I’ve always been a heavier, more muscular person. Until I picked up my first barbell a decade ago, I definitely didn’t appreciate that aspect of my body. Heavy lifting quickly captured my heart - it was fun to find something I was relatively good at, I loved the logic of progressively loading more weight on my bar as a measure of improvement, and it made me feel like an effing badass.
What I’ve NEVER naturally been good at? All of the bodyweight/gymnastics movements at the opposite end of the athletic spectrum. My heavier build meant that progress in things like pull-ups, push-ups, and dips seemed to CRAWL compared to squats, deadlifts, and presses. That combined with some on again off again shoulder pain meant that it was all too easy to neglect improvement in gymnastics because frankly, I didn’t wanna.
After a year of feeling off my game mentally and physically EVEN in the barbell arena I decided that it was time to do a little balancing both literally and figuratively. I’ve committed to seeing @kineticsportsrehab twice weekly through the end of January to focus on correcting some weskness in my movement patterns that is contributing to my nagging pains. We’re prioritizing core strength and glute activation to hopefully eliminate some instability so I can return to slinging barbells and kettlebells safely with more weight.
I also signed up for an intro class at @versatilearts because who is better at gymnastics, body awareness, and unconventional movement than freaking circus performers, right? Anytime I watch gymnastics or cirque du soleil I’m in awe of the beauty that comes with a perfectly executed movement and the ability of the athletes to combine insane strength and agility into routines that appear effortless. I’ve been to a circus/aerial basics class before so I knew to expect to be totally humbled in an hour. AND I WAS. From the hip flexor activation movements IN THE WARMUP that made me sweat awkwardly to discomfort of a vertical grip on a rope to being apparently entirely unaware of what my body was doing in space? I was 150% outside my comfort zone...
...and I can’t wait to go back. Here’s why:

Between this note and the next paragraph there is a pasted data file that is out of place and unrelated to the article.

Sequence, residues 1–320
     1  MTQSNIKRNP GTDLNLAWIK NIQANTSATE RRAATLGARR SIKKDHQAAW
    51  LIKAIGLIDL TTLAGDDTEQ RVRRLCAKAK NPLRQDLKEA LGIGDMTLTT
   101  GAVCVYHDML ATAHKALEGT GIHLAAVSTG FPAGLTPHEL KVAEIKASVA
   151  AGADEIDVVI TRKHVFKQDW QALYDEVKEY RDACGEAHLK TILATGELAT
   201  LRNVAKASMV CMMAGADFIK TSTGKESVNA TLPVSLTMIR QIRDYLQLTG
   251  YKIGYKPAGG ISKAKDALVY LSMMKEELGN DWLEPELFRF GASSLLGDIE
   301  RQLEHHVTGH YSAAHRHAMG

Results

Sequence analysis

- I’m more than comfortable and confident in a traditional gym setting. When I coach new lifters I try as much as possible to teach everything I take for granted: how heavy are the barbells? Why are the plates rubber? How do clips work? How do you adjust the height of the rack? But even I have forgotten how it FEELS to be brand new, watching everyone around you seem to perform effortlessly, feeling like you’ll never be able to make it look as good as them and being unable to visualize success. It’s uncomfortable and intimidating and honestly, probably a reason why many people get discouraged when they try to start a new routine.
- I need this. My body needs this. I don’t need to be a cirque du soleil performer, but I can tell that I’ve got some imbalances in my abilities. Don’t get me wrong - deadlifting is still my favorite. But I don’t want to deadlift heavy at the expense of the rest of my body. And I can see that spending some time focusing on bodyweight strength, mobility, and balance will only help my deadlift over time (and my squat, and my bench).
- PEOPLE DOING TRICKS ON THE SILKS LOOK AMAZING. When I attempted even a basic footlock I felt like one of those cartoons where the character steps into a rope circle on the ground, sets off the trap, and is strung up by their ankles hanging from a tree. I want to improve this skill. And it’s nice to be motivated by simply wanting to get *better*.
I will never be built like a ballerina or a marathon runner and that’s fine! Strength training is and will always be my first love. But my goal in 2018 is to get a bit better at all the areas outside of heavy lifting to see what else I’m capable of. It’s a nice feeling to explore with no pressure. I’m excited to see what comes of it.